School Name: Nakusp Secondary School
School District: SD#10 Arrow Lakes
Inquiry Team Members:Tori Reid: email@example.com, Julia Flesaker: firstname.lastname@example.org
Inquiry Team Contact Email: email@example.com
Type of Inquiry: NOIIE
Grade Levels: Secondary (8-12)
Curricular Area(s): Mathematics / Numeracy, Science, Social Studies
Focus Addressed: Core competencies (for example, critical thinking, communication, problem solving), Flexible learning, Self-regulation
In one sentence, what was your focus for the year? Creating a thinking classroom using strategies inspired by Peter Liljedal
Scanning: Our curiosity was peaked after a professional learning opportunity with Peter Liljedal. His workshop on ‘Thinking Classrooms’ inspired us to revisit our teaching methodology and classroom environments. Our students typically work with their friends and tend to absorb what their told, rather than think about it and question why. They are happy to do the work and learn, but don’t really think about what or why they are learning.
Focus: While examining the revised curriculum, we noticed that critical thinking is a core competency. Critical thinking is easily integrated into all science and math topics.
Hunch: Our classrooms are old and set up in the traditional factory learning format. Students sit at desks for a lesson and then work at desks on an assignment. Students have ingrained habits and are comfortable working with mostly their friends and sitting in ‘their spot’. Students believe learning is being told something and then practicing what they are told.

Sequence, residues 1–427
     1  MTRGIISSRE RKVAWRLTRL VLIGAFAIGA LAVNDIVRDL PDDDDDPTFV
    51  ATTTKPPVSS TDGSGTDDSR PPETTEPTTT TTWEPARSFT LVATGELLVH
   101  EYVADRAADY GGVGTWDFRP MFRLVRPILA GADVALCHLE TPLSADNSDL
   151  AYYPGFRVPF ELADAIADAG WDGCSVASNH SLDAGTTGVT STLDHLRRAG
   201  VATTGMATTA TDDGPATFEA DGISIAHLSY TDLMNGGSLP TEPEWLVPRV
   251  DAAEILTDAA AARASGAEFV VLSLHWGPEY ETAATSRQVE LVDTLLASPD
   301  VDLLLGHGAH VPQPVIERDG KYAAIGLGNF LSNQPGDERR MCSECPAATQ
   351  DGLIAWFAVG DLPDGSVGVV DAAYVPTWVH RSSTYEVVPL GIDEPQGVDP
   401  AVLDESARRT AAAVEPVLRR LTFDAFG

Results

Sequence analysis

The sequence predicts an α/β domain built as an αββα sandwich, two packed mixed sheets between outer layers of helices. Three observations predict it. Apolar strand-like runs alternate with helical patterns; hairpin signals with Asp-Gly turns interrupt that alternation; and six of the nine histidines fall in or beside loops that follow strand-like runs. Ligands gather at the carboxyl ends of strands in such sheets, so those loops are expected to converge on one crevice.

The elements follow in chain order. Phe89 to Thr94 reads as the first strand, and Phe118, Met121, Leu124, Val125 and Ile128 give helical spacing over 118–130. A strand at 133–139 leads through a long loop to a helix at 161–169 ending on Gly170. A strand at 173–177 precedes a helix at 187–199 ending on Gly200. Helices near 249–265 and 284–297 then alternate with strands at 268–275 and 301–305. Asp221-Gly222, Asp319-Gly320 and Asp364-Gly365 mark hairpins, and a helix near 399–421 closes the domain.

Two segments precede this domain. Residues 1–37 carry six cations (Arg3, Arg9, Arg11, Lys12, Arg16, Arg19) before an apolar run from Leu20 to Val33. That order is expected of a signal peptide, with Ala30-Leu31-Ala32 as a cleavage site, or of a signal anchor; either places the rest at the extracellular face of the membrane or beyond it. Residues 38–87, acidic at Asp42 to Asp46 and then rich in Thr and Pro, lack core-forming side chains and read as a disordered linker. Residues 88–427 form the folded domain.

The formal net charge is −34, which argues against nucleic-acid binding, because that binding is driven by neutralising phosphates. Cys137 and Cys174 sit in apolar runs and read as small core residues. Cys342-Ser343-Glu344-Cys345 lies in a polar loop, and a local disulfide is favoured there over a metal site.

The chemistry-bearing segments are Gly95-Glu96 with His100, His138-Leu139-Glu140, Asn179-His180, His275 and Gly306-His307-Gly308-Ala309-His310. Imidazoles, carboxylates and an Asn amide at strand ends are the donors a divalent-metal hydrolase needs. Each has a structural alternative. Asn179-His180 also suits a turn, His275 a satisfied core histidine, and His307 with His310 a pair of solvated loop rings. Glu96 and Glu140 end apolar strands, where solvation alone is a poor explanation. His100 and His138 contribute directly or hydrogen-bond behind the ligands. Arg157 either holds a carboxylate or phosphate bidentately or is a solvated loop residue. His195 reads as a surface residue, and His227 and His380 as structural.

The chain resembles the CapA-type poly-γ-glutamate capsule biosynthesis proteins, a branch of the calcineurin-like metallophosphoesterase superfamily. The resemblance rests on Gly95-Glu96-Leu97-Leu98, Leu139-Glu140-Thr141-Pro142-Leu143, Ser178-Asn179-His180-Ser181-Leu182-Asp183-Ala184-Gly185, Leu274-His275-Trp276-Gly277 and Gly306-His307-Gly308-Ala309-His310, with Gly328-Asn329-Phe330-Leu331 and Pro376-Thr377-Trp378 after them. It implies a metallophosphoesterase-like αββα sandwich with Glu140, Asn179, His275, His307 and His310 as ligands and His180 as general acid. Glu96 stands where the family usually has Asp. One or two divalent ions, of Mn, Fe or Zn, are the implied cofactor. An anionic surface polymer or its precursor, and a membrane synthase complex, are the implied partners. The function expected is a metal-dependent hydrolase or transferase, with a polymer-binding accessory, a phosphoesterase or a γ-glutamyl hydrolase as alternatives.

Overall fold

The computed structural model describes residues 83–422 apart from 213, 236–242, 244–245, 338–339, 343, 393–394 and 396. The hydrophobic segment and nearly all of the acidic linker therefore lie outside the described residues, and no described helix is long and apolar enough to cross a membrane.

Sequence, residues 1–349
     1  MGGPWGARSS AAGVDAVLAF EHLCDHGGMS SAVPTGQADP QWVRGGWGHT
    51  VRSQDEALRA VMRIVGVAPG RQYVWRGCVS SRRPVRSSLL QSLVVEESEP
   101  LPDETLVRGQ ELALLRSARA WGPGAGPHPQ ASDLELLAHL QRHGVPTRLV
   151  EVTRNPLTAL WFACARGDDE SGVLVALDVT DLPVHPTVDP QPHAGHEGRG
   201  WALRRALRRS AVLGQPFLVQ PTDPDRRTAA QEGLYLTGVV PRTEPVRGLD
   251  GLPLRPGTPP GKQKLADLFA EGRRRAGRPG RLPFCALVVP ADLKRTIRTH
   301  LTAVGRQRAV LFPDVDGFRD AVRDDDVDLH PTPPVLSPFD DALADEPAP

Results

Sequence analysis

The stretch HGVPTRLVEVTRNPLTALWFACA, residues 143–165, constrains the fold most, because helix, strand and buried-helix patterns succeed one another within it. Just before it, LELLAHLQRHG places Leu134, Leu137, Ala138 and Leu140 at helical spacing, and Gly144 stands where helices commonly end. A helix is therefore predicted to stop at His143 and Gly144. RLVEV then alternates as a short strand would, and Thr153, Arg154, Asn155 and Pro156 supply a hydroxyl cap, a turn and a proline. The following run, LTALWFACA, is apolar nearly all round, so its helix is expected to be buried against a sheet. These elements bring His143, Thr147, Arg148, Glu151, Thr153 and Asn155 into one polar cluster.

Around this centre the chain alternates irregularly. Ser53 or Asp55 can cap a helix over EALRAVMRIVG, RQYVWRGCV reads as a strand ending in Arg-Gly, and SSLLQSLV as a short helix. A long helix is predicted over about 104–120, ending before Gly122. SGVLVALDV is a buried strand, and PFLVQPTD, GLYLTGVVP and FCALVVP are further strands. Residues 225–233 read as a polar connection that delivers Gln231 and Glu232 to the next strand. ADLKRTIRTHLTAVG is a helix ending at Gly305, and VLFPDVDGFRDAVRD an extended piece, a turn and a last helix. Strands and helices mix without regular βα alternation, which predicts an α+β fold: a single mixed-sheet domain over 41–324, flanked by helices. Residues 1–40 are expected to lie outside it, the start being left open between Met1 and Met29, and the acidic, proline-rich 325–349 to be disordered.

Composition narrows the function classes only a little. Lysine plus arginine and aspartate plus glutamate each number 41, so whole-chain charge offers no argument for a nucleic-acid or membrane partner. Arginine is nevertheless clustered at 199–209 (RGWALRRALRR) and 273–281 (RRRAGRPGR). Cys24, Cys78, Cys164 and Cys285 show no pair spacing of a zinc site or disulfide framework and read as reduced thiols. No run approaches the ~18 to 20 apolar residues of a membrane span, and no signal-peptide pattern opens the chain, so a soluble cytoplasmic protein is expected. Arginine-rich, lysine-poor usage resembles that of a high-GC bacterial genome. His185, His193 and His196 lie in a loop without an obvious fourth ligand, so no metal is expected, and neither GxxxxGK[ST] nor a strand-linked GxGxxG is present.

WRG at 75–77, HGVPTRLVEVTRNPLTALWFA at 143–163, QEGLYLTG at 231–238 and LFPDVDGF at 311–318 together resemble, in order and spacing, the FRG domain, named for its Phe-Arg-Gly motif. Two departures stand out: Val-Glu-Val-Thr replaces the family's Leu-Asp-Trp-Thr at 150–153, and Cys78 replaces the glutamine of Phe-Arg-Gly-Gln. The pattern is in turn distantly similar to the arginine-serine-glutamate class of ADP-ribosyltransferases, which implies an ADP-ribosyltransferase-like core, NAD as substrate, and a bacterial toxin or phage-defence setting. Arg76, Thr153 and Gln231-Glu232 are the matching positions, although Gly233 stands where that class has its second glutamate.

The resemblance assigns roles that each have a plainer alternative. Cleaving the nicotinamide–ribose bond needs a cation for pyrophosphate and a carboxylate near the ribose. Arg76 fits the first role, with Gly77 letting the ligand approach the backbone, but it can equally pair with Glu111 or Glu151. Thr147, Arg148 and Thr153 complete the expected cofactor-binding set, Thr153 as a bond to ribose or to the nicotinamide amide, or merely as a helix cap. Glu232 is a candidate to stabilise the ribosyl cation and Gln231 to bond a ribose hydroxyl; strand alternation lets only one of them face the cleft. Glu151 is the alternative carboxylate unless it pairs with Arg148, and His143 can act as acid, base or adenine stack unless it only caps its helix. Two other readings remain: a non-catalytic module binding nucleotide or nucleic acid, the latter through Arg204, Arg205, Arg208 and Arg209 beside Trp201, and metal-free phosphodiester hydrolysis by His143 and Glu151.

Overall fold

New Professional Learning: We followed the Thinking Classroom structure outlined by Peter Liljedahl. We focused on a asking good questions to promote self thought and forming random groups every time a group activity occurs. We used vertical surfaces (windows and boards) and white boards for students to display their thinking. We “defronted” our classrooms and changed the desk arrangements. We only answered “keep thinking questions”. To determine whether these changes were successful, we measured student engagement and expected to see greater understanding in assessments. Our assessments were designed to check on thinking ability, rather than a student’s ability to repeat.
Taking Action: Defronted classroom- desks arranged in a way that their is no true front
Vertical learning- working with groups on whiteboards and other erasable surfaces while standing at a vertical surface
Randomized groups- using cards or flippity app
Identifying independent questions- focused on thinking that is relevant to individual students (independent projects in science 9, science 10, outdoor ed, social studies 9 and physics 12)
Questioning (teacher)- we avoided answering simple questions and responded with prompts to promote own thinking.
Assessment- focusing on skills. Promoting thinking rather than repeating. For example: Science 10 final exam was open book and students were taught how to use the textbook as a tool to help them utilize a resource rather than memorizing. Exam had complex questions rather that encouraged thinking and synthesizing information from a source.
Checking: We saw that this project increased students willingness to work with other students and there was a significant increase in students trying to find an answer on their own before asking for assistants. Students responded well to multiple seating options and did not react when seating was variable. Students were engaged and remained engaged in thinking based labs and activities. We saw deeper responses and more engagement during assessments. Overall, it seemed that students had more confidence in their ability to solve problems and work with others.
Reflections/Advice: Our advice is to follow the thinking classroom stages set out by Peter Liljedal. It provided framework that supported both students and teachers.
Our next step is to implement the remaining stages in the thinking classroom framework and continue this work as students progress to higher grades.
We will continue this work as it aligned well with the new curriculum and new reporting order.